ACIAR and IDRC have recently launched the Food Loss Research Program with projects in the Pacific region, South-East Asia and Africa.
While global estimates suggest that 30% of food is lost in the supply chain, this can be as high as 80% in developing countries.
One of the first projects as part of this program will investigate ways to prevent losses in horticultural produce value chains in the Pacific region. The Scientific Research Organisation of Samoa will lead this research.
Project leader Dr Seeseei Molimau-Samasoni, manager for the Plants and Postharvest Technologies Division in the Scientific Research Organisation of Samoa, said that getting the fresh food system operating efficiently is critically important to address non-communicable diseases in the region.
Previous research has estimated that smallholder farmers in the Pacific region can experience food losses of 5% to 20% of their total production.
‘Lost productivity also disincentivises farmers from participating in commercial value chains, has adverse gender impacts in terms of women market vendor economic loss, and increases the region’s reliance on imported produce,’ said Dr Molimau-Samasoni.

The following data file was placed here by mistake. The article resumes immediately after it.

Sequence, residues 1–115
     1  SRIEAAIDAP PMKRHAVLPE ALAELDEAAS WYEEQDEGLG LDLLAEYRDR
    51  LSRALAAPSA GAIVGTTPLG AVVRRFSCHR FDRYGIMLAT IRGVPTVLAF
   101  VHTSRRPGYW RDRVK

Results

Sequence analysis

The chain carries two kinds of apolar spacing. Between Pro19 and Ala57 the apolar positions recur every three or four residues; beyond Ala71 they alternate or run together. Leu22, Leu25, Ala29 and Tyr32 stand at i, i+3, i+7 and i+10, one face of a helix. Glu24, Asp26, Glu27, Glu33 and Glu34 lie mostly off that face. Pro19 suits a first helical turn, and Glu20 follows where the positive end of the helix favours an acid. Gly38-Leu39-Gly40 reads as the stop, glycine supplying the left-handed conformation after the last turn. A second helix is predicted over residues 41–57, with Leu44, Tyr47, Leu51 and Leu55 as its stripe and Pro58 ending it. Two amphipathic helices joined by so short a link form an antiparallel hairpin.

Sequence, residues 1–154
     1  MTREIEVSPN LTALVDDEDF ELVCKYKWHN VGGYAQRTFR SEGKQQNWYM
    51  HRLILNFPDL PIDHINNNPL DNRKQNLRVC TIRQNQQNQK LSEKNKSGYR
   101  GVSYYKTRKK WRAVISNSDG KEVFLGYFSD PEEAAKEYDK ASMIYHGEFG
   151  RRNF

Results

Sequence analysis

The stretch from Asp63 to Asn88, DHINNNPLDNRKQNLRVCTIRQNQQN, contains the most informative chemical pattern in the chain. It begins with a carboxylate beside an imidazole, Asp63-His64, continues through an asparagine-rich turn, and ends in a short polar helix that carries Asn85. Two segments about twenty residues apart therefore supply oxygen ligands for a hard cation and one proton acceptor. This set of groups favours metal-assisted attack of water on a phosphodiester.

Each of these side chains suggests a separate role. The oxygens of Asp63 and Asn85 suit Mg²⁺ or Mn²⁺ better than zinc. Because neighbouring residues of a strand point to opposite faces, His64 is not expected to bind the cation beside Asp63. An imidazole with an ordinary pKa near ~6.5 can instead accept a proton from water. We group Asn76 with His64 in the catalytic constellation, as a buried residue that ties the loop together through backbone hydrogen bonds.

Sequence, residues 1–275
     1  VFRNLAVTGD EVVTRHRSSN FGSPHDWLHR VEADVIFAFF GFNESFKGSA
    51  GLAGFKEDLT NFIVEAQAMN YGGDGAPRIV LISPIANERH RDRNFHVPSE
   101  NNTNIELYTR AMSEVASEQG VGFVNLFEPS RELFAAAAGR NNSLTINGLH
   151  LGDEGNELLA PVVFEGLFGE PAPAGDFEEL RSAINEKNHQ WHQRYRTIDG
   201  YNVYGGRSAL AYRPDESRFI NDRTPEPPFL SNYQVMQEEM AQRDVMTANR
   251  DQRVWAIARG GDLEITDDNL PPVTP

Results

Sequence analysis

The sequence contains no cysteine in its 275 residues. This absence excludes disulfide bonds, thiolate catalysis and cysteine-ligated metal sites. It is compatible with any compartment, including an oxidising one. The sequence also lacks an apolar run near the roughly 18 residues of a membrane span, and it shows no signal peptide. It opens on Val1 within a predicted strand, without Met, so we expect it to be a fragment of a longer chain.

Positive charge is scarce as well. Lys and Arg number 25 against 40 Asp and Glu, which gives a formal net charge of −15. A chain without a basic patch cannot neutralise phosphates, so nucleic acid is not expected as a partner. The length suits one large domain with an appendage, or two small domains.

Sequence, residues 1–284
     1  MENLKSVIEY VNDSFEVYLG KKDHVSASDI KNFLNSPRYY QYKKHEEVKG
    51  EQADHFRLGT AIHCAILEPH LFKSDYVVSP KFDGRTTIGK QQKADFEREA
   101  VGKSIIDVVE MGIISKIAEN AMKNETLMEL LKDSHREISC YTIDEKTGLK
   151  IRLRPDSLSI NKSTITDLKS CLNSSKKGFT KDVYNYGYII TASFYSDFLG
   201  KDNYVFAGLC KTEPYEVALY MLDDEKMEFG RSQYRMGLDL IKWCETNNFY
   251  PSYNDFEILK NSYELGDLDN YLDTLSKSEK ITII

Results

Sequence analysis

‘Food loss means income loss for farmers, and nutrition loss for consumers.’
As such, addressing food loss in the region could improve monetary returns for farmers, as well as food availability and affordability for consumers.
Ms Irene Kernot, ACIAR research program manager, Horticulture, said food loss can occur at any point in the value chain.
‘Losses can be caused by pests and disease, drought, or poor post-harvest management. But in some local markets in the Pacific, losses are minimal,’ said Ms Kernot. ‘In short chains, growers may harvest for that day’s market, just taking what they know they will sell. And once they’ve sold out, they’ll pack up and head home.
‘Perversely, this might impact food availability and price, reducing the availability of healthy fresh vegetables with follow-on impacts for nutrition. Most of us do not eat enough fresh fruit and vegetables, and that is a real problem in terms of human health.’
Ms Kernot said being aware of possible interventions to address food loss fits in well with the project’s foresight component, included as a part of the joint program. This will explore what in-country partners believe their future food system could look like.
Other projects in the Food Loss Research Program will look at mango and tomato value chains in Sri Lanka and Pakistan, and catfish production in Vietnam and Laos. Food loss affecting vulnerable urban communities in Zambia and Malawi will also be investigated.